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Power plant cooling tower evaluation

asked 2015-12-07 12:18:26 -0500

Jim Dirkes gravatar image

updated 2015-12-07 13:03:13 -0500

A colleague has asked if it is practical to model an unusual scenario, and I am reaching out to you for creative insights. Here is some background: He is using a water treatment technology which removes mineral (and perhaps biological) contaminants from water. A practical use for this treatment technology is to treat cooling tower makeup water. A related use is to treat and reclaim cooling tower blowdown water. A benefit of this type of treatment is (supposedly) that the water evaporates much more quickly, ~170% of the normal rate, when it has been treated. If this is true, then cooling tower fan savings may also be a benefit. (i.e., more evaporation mean less air needs to be moved for cooling effect) In a power plant application, a lot of water is used for makeup. A 32MW plant may use ~400 gallons per minute of makeup water according to my colleague - a lot of water. If this water can be treated, evaporation made more effective and waste water reclaimed, savings could be great. This is especially true in areas like California where water and sewer charges are high. He would like to make a strong case for the economic benefits of the technology and part of that is to model the impact of increased evaporation. As it happens, I think I've modeled a cooling tower exactly one time and am not very intimate with the E+ cooling tower objects. For this water treatment concept, it is not evident to me how it would be possible to define a cooling tower to be more effective at evaporation. Do you have any ideas about that?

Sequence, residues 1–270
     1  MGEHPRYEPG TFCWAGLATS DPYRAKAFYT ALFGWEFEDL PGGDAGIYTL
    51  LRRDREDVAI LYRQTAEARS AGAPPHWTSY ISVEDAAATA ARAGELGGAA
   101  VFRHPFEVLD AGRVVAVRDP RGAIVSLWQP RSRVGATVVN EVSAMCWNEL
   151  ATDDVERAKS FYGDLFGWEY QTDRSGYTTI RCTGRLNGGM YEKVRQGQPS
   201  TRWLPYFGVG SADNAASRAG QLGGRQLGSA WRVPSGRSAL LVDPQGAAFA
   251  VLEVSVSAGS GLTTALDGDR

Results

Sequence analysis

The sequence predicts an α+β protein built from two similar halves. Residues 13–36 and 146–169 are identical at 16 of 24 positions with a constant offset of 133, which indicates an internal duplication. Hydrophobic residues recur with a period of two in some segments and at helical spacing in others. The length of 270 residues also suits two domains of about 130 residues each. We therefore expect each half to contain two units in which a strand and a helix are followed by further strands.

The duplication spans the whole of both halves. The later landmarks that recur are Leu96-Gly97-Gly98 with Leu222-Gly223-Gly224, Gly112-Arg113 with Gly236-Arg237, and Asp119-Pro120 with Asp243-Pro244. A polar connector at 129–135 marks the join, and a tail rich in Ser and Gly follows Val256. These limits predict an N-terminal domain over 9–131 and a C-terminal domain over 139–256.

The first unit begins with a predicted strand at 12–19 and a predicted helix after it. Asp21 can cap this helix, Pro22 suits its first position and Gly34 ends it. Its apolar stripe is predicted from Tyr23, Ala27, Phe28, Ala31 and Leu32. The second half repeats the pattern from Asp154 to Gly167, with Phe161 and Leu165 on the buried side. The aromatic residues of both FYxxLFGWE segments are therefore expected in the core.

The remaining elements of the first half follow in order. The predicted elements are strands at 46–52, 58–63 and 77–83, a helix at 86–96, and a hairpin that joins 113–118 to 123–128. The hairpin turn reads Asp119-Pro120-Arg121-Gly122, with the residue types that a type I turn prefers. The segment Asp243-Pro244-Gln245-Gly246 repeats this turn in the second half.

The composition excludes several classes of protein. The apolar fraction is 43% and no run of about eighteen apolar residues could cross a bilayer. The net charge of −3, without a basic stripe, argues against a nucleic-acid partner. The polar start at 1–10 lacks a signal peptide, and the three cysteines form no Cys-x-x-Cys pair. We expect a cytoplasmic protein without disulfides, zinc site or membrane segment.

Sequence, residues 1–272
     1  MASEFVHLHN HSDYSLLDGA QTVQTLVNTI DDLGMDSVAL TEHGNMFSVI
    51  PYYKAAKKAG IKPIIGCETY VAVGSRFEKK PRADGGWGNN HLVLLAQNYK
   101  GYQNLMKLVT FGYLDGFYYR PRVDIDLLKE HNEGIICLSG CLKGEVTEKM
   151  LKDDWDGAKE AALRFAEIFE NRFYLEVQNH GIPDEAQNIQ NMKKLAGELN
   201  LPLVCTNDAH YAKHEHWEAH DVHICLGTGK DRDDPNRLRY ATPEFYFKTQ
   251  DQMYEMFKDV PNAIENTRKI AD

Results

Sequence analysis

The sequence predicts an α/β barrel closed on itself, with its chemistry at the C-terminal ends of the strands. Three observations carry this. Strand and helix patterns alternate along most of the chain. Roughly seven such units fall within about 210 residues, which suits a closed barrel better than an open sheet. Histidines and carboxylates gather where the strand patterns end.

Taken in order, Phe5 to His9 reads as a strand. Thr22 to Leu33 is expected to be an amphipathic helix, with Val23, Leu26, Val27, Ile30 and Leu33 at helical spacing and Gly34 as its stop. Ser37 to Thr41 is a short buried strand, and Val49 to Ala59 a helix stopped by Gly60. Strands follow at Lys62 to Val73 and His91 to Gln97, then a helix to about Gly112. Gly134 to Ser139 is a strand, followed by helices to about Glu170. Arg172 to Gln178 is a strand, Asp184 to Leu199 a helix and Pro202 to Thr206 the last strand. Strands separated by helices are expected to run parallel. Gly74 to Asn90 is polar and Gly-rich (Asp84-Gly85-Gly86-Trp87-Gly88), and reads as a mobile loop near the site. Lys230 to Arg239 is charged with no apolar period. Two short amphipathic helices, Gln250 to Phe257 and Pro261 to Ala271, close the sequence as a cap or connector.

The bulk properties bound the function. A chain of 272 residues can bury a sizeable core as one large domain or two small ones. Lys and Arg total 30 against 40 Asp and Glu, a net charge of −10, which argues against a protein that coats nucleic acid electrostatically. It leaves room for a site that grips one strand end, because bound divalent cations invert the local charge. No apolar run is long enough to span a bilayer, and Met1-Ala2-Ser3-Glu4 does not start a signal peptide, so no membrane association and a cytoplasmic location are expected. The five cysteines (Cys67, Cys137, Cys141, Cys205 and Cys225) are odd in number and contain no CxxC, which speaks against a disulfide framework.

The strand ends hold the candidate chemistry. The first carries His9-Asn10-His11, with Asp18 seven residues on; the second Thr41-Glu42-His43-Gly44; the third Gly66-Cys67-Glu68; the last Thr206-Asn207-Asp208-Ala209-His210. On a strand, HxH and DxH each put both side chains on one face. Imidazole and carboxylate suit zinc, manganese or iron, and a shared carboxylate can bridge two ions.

The other part of this problem is that a power generation installation is not a typical "building", so I'm not sure how to model one. My thought is to define a load for a cooling tower loop via EMS which mimics the power generation load pattern. Do you have any ideas about that?

So.... That was a lot to dump on you; thanks for reading this far (assuming you haven't dozed off). I'm not sure this is a viable modeling project, but if it seems possible to get reasonable results, it would be a nice challenge. Please let me know your thoughts.

Thank you!

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answered 2015-12-07 14:18:38 -0500